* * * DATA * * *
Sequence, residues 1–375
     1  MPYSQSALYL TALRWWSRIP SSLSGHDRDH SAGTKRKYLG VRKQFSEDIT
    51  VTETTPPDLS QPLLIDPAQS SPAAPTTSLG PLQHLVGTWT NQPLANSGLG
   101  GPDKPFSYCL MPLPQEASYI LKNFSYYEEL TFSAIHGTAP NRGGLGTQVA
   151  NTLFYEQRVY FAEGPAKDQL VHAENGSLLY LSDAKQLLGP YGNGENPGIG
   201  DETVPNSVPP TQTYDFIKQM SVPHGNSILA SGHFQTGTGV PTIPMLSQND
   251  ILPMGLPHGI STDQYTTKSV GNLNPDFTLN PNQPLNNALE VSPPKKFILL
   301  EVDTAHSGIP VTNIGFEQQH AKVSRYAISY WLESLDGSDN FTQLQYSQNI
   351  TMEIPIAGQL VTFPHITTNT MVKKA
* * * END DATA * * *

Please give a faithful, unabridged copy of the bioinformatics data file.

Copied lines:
Sequence, residues 1–375
     1  MPYSQSALYL TALRWWSRIP SSLSGHDRDH SAGTKRKYLG VRKQFSEDIT
    51  VTETTPPDLS QPLLIDPAQS SPAAPTTSLG PLQHLVGTWT NQPLANSGLG
   101  GPDKPFSYCL MPLPQEASYI LKNFSYYEEL TFSAIHGTAP NRGGLGTQVA
   151  NTLFYEQRVY FAEGPAKDQL VHAENGSLLY LSDAKQLLGP YGNGENPGIG
   201  DETVPNSVPP TQTYDFIKQM SVPHGNSILA SGHFQTGTGV PTIPMLSQND
   251  ILPMGLPHGI STDQYTTKSV GNLNPDFTLN PNQPLNNALE VSPPKKFILL
   301  EVDTAHSGIP VTNIGFEQQH AKVSRYAISY WLESLDGSDN FTQLQYSQNI
   351  TMEIPIAGQL VTFPHITTNT MVKKA